The Crimson Fairy Book - online children's book

A Classic fairy tale collection for children by Andrew Lang

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'Into the wide world, good father, or out of it, where ever my feet may chance to carry me.'
'Why out of it?' said Peter. 'What has the world been doing to you?'
'It has done nothing to me, nor I to it,' he replied. 'Nevertheless there is not anything left in it for me.'
Father Peter did his best to cheer the young man up, and invited him to sup with him at the first inn they came to, thinking that perhaps hunger and poverty were causing the stranger's trouble. But when good food was set before him he seemed to forget to eat. So Peter perceived that what ailed his guest was sorrow of heart, and asked him kindly to tell him his story.
'Where is the good, father?' said he. 'You can give me neither help nor comfort.'
'Who knows?' answered Master Peter. 'I might be able to do something for you. Often enough in life help comes to us from the most unexpected quarter.'
The young man, thus encouraged, began his tale.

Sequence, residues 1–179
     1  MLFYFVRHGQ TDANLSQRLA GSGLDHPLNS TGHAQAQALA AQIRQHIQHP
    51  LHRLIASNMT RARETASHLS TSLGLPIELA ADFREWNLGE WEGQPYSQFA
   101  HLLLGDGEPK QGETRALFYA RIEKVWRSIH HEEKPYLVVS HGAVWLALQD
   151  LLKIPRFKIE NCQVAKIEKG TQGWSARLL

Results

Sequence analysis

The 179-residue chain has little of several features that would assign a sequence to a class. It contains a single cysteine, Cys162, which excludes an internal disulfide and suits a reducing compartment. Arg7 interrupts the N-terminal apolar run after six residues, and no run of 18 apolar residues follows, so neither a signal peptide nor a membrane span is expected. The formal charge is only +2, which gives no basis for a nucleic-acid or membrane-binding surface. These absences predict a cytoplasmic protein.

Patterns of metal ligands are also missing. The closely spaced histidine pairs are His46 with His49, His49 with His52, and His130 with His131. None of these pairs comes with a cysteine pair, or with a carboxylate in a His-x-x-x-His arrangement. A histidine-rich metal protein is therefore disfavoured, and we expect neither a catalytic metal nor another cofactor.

'I am,' said he, 'a crossbow-man in the service of a noble count, in whose castle I was brought up. Not long ago my master went on a journey, and brought back with him, amongst other treasures, the portrait of a fair maiden so sweet and lovely that I lost my heart at first sight of it, and could think of nothing but how I might seek her out and marry her. The count had told me her name, and where she lived, but laughed at my love, and absolutely refused to give me leave to go in search of her, so I was forced to run away from the castle by night. I soon reached the little town where the maiden dwelt; but there fresh difficulties awaited me. She lived under the care of her mother, who was so severe that she was never allowed to look out of the window, or set her foot outside the door alone, and how to make friends with her I did not know. But at last I dressed myself as an old woman, and knocked boldly at her door. The lovely maiden herself opened it, and so charmed me that I came near forgetting my disguise; but I soon recovered my wits, and begged her to work a fine table-cloth for me, for she is reported to be the best needlewoman in all the country round. Now I was free to go and see her often under the presence of seeing how the
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